Barbecue Goes Global
Seoul Food in Atlanta
by Andy Staples
Barbecue gets pigeonholed as a regional cuisine enjoyed by people with provincial tastes, and that stereotype endures because it is partially true. Every time I mention a joint on my Twitter feed, I get responses from people in other states claiming that beef/pork/mutton isn’t real barbecue and that mustard-/vinegar-/ketchup-based sauce is an unacceptable dressing for said meat.
I understand why. Before I began covering college football and basketball for Sports Illustrated, I was intolerant of other barbecue cultures. I was a pulled pork/mustard-based die-hard. Then my job took me to Austin for brisket. It took me to Raleigh, where I had whole hog chopped and covered in vinegar-based sauce. It took me to a tiny house in Northport, Alabama, called Archibald’s, where they serve the best ribs on the planet. My intolerance was wrong. It’s all barbecue. The only rule is that the meat must be smoked.* After that, all bets are off. If someone happens to grow up in another culture and then introduces elements of that culture’s cuisine into the barbecue canon, it isn’t cause for xenophobia. It is cause for celebration.
So give thanks that Jiyeon Lee didn’t continue her career as a pop star in her native Korea. Be grateful that Lee studied at Le Cordon Bleu and met partner Cody Taylor while working in the kitchen of Atlanta’s since-shuttered Repast. This confluence of events has made it possible for diners to walk into Heirloom Market and order the spicy Korean pulled pork sandwich.
A pulled pork sandwich with slaw is standard issue in Georgia. A pulled pork sandwich that incorporates gochujang (a spicy Korean pepper paste) and kimchi slaw is not. The mash-up marries the best of Korean and Southern barbecue, and it adds several layers of intrigue to a staple that occasionally needs a kick. The Korean influences don’t stop at the sandwich, though.
I visited Heirloom Market in March while in Atlanta to cover the second weekend of the NCAA basketball tournament. The locals who pointed me toward the place raved about the brisket, but when I arrived for a 1 p.m. lunch, all the brisket was gone. I considered this a good sign. The ribs, soaked in a gochujang marinade before smoking, didn’t need any of the three sauces (tomato-based, vinegar-based, spicy Korean) on offer. Still, they paired well with any member of the trio. The Korean fried sweet potato with black sesame seeds was a welcome change from the baked beans-and-slaw side doldrums, and the mac and cheese is Lee and Taylor’s winning riff on a classic.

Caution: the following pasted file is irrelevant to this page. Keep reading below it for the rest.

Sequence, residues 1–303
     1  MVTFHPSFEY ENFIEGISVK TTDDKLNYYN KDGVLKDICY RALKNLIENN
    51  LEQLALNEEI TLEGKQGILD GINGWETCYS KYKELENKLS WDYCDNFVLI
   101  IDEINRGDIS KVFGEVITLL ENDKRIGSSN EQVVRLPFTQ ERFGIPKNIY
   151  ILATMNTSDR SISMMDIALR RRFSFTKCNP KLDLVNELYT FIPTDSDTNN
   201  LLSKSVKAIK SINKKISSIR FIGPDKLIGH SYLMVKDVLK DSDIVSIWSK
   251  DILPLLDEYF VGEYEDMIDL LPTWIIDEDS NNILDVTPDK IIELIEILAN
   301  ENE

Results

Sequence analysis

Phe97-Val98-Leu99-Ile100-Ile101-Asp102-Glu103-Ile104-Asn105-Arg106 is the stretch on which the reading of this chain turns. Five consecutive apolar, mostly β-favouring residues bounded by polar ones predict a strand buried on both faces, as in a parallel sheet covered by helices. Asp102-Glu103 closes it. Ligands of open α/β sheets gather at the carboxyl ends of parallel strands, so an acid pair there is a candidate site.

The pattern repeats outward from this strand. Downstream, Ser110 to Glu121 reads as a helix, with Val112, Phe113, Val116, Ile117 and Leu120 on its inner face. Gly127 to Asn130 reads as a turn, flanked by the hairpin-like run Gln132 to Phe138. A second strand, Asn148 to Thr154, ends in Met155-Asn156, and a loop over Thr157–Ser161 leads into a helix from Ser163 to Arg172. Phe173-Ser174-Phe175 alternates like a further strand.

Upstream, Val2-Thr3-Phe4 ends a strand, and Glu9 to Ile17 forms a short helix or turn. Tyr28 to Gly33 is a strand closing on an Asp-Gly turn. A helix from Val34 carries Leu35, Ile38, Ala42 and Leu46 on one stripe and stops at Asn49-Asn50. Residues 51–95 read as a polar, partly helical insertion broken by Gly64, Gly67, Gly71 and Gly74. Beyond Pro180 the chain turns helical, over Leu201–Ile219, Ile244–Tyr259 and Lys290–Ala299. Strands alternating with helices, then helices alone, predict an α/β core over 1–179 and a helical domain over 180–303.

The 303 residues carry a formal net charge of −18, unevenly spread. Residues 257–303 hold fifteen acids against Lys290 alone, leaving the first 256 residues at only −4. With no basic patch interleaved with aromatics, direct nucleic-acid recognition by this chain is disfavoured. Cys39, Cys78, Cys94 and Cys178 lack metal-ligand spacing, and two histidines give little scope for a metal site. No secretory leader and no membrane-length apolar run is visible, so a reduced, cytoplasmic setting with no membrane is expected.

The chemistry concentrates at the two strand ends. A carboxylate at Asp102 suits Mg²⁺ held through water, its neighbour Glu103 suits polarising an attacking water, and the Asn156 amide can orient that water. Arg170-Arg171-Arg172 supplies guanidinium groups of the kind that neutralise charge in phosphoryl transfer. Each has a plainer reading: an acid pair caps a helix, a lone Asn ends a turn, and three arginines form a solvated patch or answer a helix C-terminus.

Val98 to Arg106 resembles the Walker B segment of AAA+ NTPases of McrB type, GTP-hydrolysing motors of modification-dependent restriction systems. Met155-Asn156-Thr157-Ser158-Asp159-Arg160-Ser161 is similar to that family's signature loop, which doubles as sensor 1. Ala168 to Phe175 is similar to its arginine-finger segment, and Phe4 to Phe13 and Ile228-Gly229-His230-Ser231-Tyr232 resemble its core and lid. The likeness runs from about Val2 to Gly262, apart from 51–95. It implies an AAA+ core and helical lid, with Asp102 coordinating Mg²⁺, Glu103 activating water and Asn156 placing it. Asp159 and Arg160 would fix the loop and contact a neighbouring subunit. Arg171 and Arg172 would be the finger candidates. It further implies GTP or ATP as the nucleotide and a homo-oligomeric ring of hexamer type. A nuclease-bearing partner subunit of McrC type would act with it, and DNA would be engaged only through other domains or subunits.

Parking is an adventure at this former liquor store: a barbecue badge of honor. On my visit, the owner of the next-door convenience store helped guide me to a spot so I wouldn’t hog one reserved for his customers. Lines can be long, and seating space is limited. None of this matters. The food is worth the trouble.
Asian cuisine blends well with barbecue because many of the main ingredients are complementary. Heirloom Market isn’t the first to fuse the flavors, but it’s notable because it merges them so well. There are, of course, lots of other global barbecue inspirations out there. The Brazilian churrasco tradition and the Argentine/Uruguayan asado celebrate South America’s way with beef, from flank steak to sweetbreads. In South Africa, a braai centers around boerewors, the nation’s favorite sausage. Shish kebabs, kofte (meatballs), and chicken are popular at the Turkish mangal. So America’s finest food group is truly a culinary citizen of the world. Chefs from Baltimore to Birmingham, bring it on. Because not all of us who love barbecue crave only the stuff smoked in our hometown pits.
Andy Staples is a senior writer for SI.com. He also runs a food blog, “Heaven is a Buffet.”
* This is not to be confused with the grammar rules about the word barbecue, which are extremely rigid and important. Barbecue is not a verb. It’s a noun, and it isn’t a synonym for grill, no matter what Merriam and Webster say. It mostly describes slow-smoked meat, but it can describe an event if smoked meat is the main course. If you attend an event in someone’s backyard and the host hands you a hamburger or a hot dog, you are not at a barbecue. You are at a cookout.